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Here in Costières de Nîmes, we had a late bud break but by bloom the vintage had caught up with a normal year. No significant shattering to report and crop size is looking good. The summer was hot and dry and veraison started late mid-July. Late August produced two storms with, in some cases, significant rain fall. But as it is the case with most storms here, the quantity of rain varied greatly even within a small zone. These rains, when moderate, were good for the vineyards but the more important water spills gave potential sanitary problems to the early ripening varietals.

 In anticipation of late season storms, the entire team had done a terrific job with manual leaf removal on the western side of the vineyards (the eastern side was already done in late July) and crop thinning any clusters that were too close together or too compact. This extra effort to assure grape ripeness and health paid off remarkably well. By ensuring the maturity and the health of the berries, we got very colorful juices with relatively low levels of acidity. The juices achieved optimal phenolic maturities without very high levels of alcohol thanks to the reasonable sugar levels.

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We started harvest with our white varietals. First, we sorted our Viogners and our younger Roussannes ; the juices were very aromatic with a refreshing hint of acidity. We are very happy with our Roussannes, Clairettes and Grenaches Blanc whereas it was a bit more of a challenge for our Viognier. Their health asked for some serious sorting and an earlier picking than usual.

 The rosés (made from our young Syrah, Grenache and Cinsault vineyards), very luscious with a plump mouthfeel, have vivid aromatics of red fruit. The color has toned down a bit and given us beautiful pale roses with blue highlights.

 The Syrahs are showing their usual dark color and a surprisingly fresh aromatic considering the heat of this summer. They are aromatically powerful (fresh not cooked) with a dense/creamy core, a solid but ripe tannic and a long finish. This vintage’s equilibrium leans a bit more towards body than acidity.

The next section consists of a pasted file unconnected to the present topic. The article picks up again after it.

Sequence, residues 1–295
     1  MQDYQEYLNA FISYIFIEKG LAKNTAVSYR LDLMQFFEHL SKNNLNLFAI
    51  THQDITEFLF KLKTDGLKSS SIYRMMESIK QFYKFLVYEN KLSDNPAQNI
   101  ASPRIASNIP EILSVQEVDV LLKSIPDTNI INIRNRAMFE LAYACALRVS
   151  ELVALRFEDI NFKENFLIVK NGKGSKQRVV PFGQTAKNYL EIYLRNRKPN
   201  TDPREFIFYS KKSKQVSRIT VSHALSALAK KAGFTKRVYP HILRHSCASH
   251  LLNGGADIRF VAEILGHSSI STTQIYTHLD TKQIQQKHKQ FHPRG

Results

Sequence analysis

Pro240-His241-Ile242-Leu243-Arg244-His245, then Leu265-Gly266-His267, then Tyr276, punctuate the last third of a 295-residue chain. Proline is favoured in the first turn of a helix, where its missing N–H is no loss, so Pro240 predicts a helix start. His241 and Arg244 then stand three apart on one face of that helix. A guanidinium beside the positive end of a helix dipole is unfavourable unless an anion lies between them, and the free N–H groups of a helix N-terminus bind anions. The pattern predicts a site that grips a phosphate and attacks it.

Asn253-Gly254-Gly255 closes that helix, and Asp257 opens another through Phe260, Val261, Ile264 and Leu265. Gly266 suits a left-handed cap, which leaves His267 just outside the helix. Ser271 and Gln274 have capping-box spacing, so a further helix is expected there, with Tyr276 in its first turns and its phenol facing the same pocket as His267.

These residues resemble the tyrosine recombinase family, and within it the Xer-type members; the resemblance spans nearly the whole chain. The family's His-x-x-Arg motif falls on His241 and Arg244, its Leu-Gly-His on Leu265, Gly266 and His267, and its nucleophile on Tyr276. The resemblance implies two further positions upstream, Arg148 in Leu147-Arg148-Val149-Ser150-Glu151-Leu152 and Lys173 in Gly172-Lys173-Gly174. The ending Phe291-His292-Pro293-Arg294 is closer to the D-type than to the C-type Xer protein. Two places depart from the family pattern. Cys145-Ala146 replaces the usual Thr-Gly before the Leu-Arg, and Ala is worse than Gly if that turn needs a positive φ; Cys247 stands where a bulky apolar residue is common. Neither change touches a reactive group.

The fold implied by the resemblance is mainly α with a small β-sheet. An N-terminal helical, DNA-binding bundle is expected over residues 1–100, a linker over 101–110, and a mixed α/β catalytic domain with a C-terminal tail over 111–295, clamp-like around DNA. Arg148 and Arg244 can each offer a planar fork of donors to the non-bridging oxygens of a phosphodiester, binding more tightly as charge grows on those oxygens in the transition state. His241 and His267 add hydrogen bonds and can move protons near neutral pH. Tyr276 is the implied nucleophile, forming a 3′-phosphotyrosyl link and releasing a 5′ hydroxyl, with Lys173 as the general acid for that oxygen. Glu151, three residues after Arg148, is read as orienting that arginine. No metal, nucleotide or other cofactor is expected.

Grenaches are showing tremendous potential. Aromatically exuberant, they are high octane (alcohol, color and tannins) and show tremendous concentration. For me 2015 is the year of Grenache in our neck of the woods. I suspect they’ll stay on the skins for a long time. Mourvedres are also in and just starting extraction. At this point most of what we can gage is aromatically and what they display is really interesting: classic mint tea and blackberry with unusual bergamot.

 Each year at the winery, we set up a couple new experiments.  This year, for example, we used indigenous yeast for the first time for our whites. We’ve held back on doing this in the past because whites always need more precision, even though this is a normal process for our reds. The results so far are very promising – The whites that went through an indigenous fermentation appear to have more complex aromas, as well as a lot of character and structure in the mouth. Also for the vinification of our Syrahs, we’ve increased our proportions of Viognier to 10% in some vats, as well as the quantity of whole cluster to as much as 50 percent.

echo2 We still have a couple weeks left of vinification, but I think that the 2015 vintage will offer a lot of similarities to the 1998 vintage. It’s still a little too early to have a set vision of the vintage, so let’s keep our fingers crossed until then! Now, it’s time to clean up, service our harvest equipment and put everything in hibernation mode. You’ll find us scrubbing our shears, greasing them and wrapping them in newspaper. The harvest team can now have our weekends back, to spend with family and friends and why not plan a couple of fall outings!